The pilot's family reported the airplane overdue and it was subsequently located in marshy wooded terrain on December 22, 2017. Review of preliminary radar data provided by the Federal Aviation Administration (FAA) revealed a target with a 1200 transponder code, that was consistent with the accident airplane. During cruise flight, as the target proceeded over Florida, it climbed from 3,400 ft mean sea level (msl) to 7,100 ft msl. It then made two left 360° turns, followed by a rapid descent to 1,400 ft msl. The target then flew east at alternating altitudes below 2,500 ft msl, and then turned south toward Tallahassee, Florida, flying s-turns and descending to 1,400 ft. The target proceeded south at 1,100 ft msl until 1849, when it flew near a cold front boundary. At that time, the target completed numerous course deviations, including three complete left circuits and two right circuits, before disappearing from radar coverage about .4 mile east of the accident site.

A debris path was observed; beginning with freshly cut tree branches descending about a 45° angle and extending approximately 50 ft on a magnetic heading of 240° to the main wreckage. The main wreckage came to rest inverted and was oriented about a 060° magnetic heading. The engine was in an approximate 3-ft-deep crater about halfway along the debris path. One propeller blade remained attached to the engine and one propeller blade had separated. The separated propeller blade exhibited tip curling, s-bending, leading edge gouging and chordwise scratching. The propeller blade that remained attached to the propeller hub exhibited s-bending. The vacuum pump remained attached to the engine and was removed for examination. When the vacuum pump driveshaft was rotated by hand, intake air and exhaust air were confirmed to their respective ports. The vacuum pump was then disassembled, and all the vanes were intact. Rotational scoring was noted on the vacuum pump housing.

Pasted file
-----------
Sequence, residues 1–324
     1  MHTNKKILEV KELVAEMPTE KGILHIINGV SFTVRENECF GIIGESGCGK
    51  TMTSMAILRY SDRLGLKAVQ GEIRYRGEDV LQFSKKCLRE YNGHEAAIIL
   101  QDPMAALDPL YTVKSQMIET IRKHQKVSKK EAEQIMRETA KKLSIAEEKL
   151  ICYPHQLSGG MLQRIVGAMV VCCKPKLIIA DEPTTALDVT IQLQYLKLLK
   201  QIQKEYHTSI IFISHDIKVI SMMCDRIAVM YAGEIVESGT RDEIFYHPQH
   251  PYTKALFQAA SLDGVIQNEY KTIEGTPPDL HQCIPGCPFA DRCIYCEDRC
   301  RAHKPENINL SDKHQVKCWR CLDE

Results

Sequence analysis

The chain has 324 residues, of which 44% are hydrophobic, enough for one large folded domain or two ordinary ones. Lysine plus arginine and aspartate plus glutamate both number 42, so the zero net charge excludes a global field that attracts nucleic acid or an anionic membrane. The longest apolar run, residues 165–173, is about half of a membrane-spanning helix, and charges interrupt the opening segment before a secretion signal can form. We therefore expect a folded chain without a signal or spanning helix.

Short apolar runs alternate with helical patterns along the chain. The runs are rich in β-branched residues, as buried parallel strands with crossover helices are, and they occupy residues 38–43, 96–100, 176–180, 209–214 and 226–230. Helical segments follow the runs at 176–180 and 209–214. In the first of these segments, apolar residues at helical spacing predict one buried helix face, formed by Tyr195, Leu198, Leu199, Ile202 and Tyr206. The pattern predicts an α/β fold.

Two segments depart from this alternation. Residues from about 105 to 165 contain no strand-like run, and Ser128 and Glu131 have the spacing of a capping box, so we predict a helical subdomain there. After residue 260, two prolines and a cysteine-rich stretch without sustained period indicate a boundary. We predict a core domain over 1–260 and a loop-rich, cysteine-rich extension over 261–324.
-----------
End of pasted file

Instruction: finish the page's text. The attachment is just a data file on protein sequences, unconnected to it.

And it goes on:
The landing gear and flaps were retracted. The cockpit was crushed and the pilot's lapbelt remained intact, but was cut by rescue personnel. The fuel selector was found positioned to the left main fuel tank and the magnetos were on both. The mixture control was in a forward position while the propeller and throttle controls were in a mid-range position. The attitude indicator was not recovered; however, the turn and bank coordinator was recovered. It had separated from the instrument panel and its face was destroyed. When the turn and bank coordinator was disassembled, its gyro was intact and exhibited rotational scoring. The altimeter had also separated from the instrument panel and indicated 2,600 ft with a setting of 29.94 inches of mercury.